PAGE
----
Impact of two hot and dry summers on the community structure and functional diversity of testate amoebae in an artificial bog, illustrating their use as bioindicators of peatland health
Mitchell, Edward A.D
Mires and Peat, International Mire Conservation Group and International Peat Society, 2018/21//1-24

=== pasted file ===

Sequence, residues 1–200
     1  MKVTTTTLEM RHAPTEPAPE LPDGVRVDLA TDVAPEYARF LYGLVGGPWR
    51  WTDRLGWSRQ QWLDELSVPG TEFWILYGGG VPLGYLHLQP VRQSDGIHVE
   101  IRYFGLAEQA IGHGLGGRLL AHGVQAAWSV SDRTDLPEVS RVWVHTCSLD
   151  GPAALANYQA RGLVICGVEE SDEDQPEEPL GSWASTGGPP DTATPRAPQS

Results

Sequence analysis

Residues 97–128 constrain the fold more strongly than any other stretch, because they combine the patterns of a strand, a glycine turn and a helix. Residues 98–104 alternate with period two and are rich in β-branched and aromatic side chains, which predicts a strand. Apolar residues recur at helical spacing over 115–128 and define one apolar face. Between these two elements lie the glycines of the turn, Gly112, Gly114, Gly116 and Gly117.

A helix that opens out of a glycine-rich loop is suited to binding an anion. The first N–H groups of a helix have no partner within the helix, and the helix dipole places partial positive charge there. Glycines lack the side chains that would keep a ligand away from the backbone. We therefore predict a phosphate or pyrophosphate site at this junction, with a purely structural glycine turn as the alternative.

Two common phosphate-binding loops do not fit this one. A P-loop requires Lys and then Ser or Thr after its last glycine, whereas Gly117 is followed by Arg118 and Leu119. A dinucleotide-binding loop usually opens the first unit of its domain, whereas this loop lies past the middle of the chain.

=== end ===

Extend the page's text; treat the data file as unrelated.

Ongoing climate warming threatens the survival of bogs at the warm/dry limit of their distribution (<i>e.g.</i> in central Europe), and jeopardises the restoration of damaged bogs even more. Because vegetation changes can be slow, early indicators of hydrological change such as testate amoebae are useful. We used testate amoeba community structure and community weighted mean of functional traits to monitor the impact of two very hot and dry summers on a small (around 100 m<sup>2</sup>) artificial peatland constructed in the botanic garden of Neuchâtel, Switzerland. We collected analogous samples in a naturally regenerating cutover peatland at 1000 m a.s.l. in the Jura Mountains as a reference. The comparison of living and dead assemblages in the botanic garden showed an increased representation of smaller testate amoeba taxa (<i>Corythion dubium</i>, small <i>Euglypha</i> sp.) with a small pseudostome (indicative of dry conditions) and a loss of mixotrophy in 2015, followed by a weaker further shift in 2016. Nevertheless, the testate amoeba community structure in 2016 still indicated a dry <i>Sphagnum</i> bog. Testate amoeba analysis allows rapid assessment of peatland health and/or restoration success. The comparison of living and dead assemblages makes it possible to observe changes within a season in a single sampling campaign.
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